Jennifer Belle, . . Riverhead, $24.95 (416pp) ISBN 978-1-57322-185-6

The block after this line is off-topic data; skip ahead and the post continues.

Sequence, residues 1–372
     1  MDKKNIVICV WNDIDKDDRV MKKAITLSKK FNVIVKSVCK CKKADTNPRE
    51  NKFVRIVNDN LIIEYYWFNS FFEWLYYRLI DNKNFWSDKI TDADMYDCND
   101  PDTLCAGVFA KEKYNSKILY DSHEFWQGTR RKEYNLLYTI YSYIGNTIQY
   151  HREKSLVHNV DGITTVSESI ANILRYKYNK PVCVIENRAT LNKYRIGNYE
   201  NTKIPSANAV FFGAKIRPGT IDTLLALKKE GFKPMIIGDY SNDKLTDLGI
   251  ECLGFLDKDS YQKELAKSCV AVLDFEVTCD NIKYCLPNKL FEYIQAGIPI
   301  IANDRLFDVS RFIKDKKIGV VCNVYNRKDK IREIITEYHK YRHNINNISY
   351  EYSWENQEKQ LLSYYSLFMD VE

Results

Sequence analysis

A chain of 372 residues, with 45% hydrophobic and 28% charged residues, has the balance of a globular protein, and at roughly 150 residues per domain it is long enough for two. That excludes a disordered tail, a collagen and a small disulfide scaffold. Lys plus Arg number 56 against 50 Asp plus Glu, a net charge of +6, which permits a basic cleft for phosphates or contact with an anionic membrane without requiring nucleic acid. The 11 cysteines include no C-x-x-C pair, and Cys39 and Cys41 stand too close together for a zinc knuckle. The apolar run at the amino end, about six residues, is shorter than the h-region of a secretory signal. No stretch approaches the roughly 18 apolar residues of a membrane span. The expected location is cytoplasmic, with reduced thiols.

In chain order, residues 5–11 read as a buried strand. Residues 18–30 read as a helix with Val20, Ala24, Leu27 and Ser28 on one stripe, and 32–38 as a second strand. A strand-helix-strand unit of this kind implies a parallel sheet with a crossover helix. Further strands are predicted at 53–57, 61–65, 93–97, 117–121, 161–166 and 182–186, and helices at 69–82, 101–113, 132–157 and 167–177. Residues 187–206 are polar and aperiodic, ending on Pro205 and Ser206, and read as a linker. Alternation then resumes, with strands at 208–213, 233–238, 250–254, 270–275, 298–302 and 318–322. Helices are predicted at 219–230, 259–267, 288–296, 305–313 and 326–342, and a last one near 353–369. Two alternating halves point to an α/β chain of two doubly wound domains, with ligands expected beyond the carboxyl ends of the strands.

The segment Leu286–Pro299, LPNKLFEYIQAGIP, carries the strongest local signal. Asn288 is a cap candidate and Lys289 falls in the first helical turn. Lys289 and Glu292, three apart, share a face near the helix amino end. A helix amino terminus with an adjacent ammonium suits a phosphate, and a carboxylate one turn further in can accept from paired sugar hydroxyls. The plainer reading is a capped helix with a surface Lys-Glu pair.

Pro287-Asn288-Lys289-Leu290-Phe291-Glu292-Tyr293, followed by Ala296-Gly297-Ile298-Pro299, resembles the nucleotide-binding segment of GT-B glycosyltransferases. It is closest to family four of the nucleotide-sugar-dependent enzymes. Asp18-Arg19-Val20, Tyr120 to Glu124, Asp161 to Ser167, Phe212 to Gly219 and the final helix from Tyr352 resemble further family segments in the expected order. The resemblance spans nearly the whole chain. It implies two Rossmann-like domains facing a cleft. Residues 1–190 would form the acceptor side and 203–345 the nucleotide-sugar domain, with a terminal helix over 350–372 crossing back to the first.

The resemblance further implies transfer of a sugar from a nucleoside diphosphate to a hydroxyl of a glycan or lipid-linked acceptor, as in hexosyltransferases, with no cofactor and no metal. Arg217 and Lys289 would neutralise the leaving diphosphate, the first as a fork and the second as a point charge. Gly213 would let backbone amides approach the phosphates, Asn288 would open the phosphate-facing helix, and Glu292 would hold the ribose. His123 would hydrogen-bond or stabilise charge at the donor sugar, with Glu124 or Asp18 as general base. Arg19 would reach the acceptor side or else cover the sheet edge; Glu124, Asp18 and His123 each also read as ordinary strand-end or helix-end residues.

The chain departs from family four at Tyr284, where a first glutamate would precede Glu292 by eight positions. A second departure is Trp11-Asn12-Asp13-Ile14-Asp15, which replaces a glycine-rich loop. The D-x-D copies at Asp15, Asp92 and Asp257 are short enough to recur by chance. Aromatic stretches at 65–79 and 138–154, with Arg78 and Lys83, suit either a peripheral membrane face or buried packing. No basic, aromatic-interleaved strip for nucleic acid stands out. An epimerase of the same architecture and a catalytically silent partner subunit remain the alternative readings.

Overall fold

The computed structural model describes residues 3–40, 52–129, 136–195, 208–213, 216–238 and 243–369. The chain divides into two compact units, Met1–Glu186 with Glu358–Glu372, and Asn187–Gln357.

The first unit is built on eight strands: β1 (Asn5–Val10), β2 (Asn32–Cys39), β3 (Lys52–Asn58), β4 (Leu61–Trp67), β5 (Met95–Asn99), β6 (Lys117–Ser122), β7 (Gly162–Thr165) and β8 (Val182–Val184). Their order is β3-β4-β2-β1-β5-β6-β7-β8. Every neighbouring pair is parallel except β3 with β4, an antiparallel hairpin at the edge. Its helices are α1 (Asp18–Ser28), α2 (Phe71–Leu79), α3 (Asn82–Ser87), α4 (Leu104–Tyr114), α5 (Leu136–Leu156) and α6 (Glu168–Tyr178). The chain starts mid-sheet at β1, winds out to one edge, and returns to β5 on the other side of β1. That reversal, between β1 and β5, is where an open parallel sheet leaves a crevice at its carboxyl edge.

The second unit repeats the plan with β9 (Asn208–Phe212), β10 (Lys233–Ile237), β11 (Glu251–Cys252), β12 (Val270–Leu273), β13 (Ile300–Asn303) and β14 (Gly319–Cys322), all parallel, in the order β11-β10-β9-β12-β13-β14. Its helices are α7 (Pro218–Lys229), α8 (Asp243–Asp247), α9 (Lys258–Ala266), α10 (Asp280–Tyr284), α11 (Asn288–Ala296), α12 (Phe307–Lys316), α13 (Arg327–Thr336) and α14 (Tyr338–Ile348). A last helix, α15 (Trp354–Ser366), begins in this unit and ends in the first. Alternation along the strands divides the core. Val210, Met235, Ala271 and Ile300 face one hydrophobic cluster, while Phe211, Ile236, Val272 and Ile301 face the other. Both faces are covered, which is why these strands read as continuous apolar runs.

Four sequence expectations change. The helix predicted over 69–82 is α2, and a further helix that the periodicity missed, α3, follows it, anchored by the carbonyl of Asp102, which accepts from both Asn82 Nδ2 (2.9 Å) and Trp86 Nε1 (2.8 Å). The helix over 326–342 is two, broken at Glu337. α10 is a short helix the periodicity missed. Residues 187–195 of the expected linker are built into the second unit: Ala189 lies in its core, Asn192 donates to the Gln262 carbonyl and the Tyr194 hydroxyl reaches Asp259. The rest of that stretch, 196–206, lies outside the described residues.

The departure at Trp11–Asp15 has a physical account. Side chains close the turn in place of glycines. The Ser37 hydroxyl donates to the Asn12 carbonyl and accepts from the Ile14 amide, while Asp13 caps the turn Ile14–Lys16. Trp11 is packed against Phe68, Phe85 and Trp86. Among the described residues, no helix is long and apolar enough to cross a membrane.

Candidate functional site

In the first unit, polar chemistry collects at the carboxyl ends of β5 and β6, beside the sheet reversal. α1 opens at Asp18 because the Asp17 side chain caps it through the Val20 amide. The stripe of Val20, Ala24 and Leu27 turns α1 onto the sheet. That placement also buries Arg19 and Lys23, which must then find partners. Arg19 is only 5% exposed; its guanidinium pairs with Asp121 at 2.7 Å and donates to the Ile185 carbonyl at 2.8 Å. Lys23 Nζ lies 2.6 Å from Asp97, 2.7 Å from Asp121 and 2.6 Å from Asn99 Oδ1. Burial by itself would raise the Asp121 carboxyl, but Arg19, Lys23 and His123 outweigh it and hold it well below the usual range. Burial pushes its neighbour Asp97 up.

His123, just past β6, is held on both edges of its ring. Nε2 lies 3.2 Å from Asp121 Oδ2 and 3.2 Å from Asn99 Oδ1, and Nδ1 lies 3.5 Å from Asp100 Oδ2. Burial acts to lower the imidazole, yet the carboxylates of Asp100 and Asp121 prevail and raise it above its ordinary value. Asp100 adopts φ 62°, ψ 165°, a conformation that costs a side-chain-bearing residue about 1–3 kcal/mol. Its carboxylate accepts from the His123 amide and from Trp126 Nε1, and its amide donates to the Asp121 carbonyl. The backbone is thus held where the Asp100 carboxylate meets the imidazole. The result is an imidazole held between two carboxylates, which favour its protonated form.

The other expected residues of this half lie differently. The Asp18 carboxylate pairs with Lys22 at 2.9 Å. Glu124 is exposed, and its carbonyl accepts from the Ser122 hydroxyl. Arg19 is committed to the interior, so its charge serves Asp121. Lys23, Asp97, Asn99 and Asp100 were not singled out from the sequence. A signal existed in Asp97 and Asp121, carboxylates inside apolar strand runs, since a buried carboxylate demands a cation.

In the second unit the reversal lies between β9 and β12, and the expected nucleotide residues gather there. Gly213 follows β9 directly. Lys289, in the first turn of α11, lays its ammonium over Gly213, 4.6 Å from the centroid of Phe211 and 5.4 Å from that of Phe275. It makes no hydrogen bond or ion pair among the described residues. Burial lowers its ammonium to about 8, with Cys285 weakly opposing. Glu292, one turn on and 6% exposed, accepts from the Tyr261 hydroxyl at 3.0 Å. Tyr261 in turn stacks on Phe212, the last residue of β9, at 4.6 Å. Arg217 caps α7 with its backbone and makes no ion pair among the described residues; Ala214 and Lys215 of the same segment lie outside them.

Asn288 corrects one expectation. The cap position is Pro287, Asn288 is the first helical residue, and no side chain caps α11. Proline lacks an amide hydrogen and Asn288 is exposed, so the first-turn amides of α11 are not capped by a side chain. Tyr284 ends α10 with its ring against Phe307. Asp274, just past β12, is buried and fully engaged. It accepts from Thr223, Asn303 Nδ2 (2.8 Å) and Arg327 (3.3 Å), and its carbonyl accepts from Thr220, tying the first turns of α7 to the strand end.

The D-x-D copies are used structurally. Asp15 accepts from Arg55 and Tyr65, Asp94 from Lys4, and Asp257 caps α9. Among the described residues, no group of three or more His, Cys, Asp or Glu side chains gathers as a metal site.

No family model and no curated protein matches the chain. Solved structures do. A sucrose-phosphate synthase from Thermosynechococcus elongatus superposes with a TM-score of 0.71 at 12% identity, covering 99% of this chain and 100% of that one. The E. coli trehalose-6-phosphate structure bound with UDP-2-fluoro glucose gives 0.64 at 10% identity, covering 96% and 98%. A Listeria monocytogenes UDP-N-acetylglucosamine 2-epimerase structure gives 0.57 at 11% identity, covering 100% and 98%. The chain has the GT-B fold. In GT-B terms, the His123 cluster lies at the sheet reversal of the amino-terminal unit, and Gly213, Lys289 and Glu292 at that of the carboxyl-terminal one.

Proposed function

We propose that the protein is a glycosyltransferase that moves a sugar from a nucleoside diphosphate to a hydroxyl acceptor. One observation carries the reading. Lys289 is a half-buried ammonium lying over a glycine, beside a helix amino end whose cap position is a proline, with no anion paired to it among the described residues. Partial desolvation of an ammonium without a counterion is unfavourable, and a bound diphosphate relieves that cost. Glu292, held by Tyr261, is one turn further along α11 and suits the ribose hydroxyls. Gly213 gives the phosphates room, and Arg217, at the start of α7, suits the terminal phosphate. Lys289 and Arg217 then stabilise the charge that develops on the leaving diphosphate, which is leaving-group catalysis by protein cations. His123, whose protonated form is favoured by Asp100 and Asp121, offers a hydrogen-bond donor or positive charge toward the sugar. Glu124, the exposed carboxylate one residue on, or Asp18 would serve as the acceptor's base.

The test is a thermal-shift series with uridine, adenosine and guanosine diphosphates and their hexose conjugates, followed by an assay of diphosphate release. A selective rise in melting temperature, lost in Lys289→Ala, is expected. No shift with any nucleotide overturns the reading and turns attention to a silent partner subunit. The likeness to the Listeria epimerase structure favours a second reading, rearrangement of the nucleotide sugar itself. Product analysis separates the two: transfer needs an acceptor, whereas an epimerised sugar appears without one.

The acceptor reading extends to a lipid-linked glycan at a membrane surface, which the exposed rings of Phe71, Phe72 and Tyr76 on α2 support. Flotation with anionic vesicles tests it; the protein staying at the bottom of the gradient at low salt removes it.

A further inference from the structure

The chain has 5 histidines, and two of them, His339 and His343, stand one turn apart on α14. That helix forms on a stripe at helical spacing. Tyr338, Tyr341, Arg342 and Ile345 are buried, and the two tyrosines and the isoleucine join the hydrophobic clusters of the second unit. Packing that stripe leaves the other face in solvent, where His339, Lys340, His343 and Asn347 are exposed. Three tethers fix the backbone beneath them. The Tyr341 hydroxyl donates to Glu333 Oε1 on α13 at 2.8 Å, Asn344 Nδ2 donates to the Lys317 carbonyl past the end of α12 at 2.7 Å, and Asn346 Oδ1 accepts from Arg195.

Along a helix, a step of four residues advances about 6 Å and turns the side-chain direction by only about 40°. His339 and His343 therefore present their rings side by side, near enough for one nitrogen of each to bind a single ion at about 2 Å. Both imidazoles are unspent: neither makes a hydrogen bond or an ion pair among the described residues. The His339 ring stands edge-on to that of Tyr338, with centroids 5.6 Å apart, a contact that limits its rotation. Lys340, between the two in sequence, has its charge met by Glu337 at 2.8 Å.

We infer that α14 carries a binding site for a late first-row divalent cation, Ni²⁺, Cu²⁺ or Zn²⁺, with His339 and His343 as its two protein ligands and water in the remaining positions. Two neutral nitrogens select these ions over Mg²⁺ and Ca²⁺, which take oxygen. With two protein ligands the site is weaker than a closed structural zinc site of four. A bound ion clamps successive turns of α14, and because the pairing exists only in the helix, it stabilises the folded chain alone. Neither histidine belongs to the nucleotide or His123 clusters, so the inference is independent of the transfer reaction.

Brimming with Gotham references, weird but lovable characters and typical urban scenes, Belle's second novel (after Going Down, which won her the title of Entertainment Weekly's Best New Novelist of 1996) is a witty and engaging tale of love and real estate in Manhattan. Liv Kellerman is 26 and recently divorced. In classic New York fashion, she's more upset about leaving her snazzy uptown digs than being single. Too proud to ask her wealthy father for money and lacking an advanced degree, she hits the pavement in search of a job and an apartment—two things every 20-something in the city has had to struggle to secure. After she finds herself a shabby one-bedroom in Greenwich Village, "five flights above a 'restaurant' called King Shawarma," she works on employment. Liv ventures into the cutthroat world of real estate, gets her license and is soon spending her days showing TriBeCa lofts to the city's most discriminating clients. She's surprisingly good at it, and her new profession turns out to be therapeutic, too—her forays into Manhattan's most wanted apartments teach her a thing or two about her own inner workings. Like all New York stories, this one features an eccentric romance: here, a noncommittal boyfriend with a proclivity for biting (at one point, Liv must visit an animal hospital to have her ear reattached to her head). Belle's tongue-in-cheek style and laugh-out-loud antics keep the pages turning. Despite the lack of a riveting story line, this latest addition to the booming yuppie fiction genre is fresh and invigorating. 8-city author tour. (May 7)